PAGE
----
** USA – Aug.28: Astra Rocket 3.3 launch aborted in flight due to engine failure. One of the five first stage engines failed to ignite properly at liftoff. However, the rocket still managed to remain upright and gain altitude after sliding horizontally away from the launch pad. The rocket was nevertheless doomed by the engine failure and the flight was aborted at the time of the main engine cutoff.
The USAF contracted Astra for this mission and a second one later this year. The company says it expects to launch three times by the end of the year and has a 50 mission backlog. The rockets will lift off from the Pacific Spaceport Complex on Kodiak Island, Alaska. So far, the company has yet to put a payload into orbit but came close earlier this year when a propellant mixture problem caused the upper stage to reach just short of orbital velocity.
**** October 12: Astra announced completion of the investigation of the August launch failure:
The issue we encountered was something we hadn’t seen before. Leading up to liftoff, the first stage propellant distribution system provides the rocket with fuel and oxidizer. We designed the system to quickly disconnect and seal when the rocket lifts off. On this launch, propellants leaked from the system, mixed, and became trapped in an enclosed space beneath the interface between the rocket and the launcher. Those propellants were ignited by the engine exhaust, causing an over-pressure event that severed the connection to the electronics that control the fuel pump, shutting down the engine less than one second after liftoff.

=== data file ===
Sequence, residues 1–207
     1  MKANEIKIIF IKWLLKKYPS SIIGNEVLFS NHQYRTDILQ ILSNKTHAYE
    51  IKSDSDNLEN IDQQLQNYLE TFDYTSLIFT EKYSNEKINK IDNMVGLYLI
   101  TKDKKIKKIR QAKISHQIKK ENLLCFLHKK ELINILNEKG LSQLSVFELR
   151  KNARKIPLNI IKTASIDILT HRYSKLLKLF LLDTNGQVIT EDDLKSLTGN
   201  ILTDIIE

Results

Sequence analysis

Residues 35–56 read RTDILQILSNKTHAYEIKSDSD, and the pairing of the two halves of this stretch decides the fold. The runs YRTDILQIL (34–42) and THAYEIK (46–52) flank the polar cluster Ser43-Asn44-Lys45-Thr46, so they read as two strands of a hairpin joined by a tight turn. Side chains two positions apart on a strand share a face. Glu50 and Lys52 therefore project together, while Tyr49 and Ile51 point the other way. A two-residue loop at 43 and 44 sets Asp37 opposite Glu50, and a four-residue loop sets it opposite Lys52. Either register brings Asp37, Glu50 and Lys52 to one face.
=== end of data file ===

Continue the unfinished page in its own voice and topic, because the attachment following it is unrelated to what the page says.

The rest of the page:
This is why the rocket hovered until it could take off with only four engines producing thrust. The vehicle then returned to a normal trajectory, passing through max-Q. After that point, the four remaining engines did not have sufficient power to enable the vehicle to make orbit.
Appropriate fixes have been implemented and October 27th is now set as the date of the next launch.
** USA – Aug.10: Northrop Grumman launches Antares rocket with Cygnus vessel from Wallops Island commercial spaceport. Christened the S.S. Ellison Onizuka, the NG-16 Cygnus vehicle brought 3,723 kilograms of cargo to the ISS when it docked to the station on Thursday, Aug.12. The cargo includes scientific experiment materials, various equipment, food and supplies to support the crew, etc.
** USA/NZ – July 29: Rocket Lab Electron puts US military satellite into orbit in the first launch sinceing an upper stage failure on May. 15th. The smallsat Monolith, a project of the Air Force Research Laboratory (AFRL) and Utah State University’s Space Dynamics Laboratory, was initially going to be on the first Rocket Lab launch from Wallops Island, Virginia. However, delays in getting the launch termination system certified by NASA led to moving the launch to New Zealand.
[Rocket Lab] will attempt a controlled ocean splashdown and recovery of the first stage of an Electron rocket during the company’s next launch in November. The mission will be Rocket Lab’s third ocean recovery of an Electron stage; however, it will be the first time a helicopter will be stationed in the recovery zone around 200 nautical miles offshore to track and visually observe a descending stage in preparation for future aerial capture attempts. The helicopter will not attempt a mid-air capture for this mission but will test communications and tracking to refine the concept of operations (CONOPS) for future Electron aerial capture.
The ‘Love At First Insight’ mission is scheduled to lift-off from Launch Complex 1 in New Zealand during a 14-day launch window that opens on November 11, 2021 UTC. The mission’s primary objective is to deploy two Earth-observation satellites for global monitoring company BlackSky, with the secondary objective to splash down and recover Electron’s first stage to further validate Rocket Lab’s recovery operations and hardware.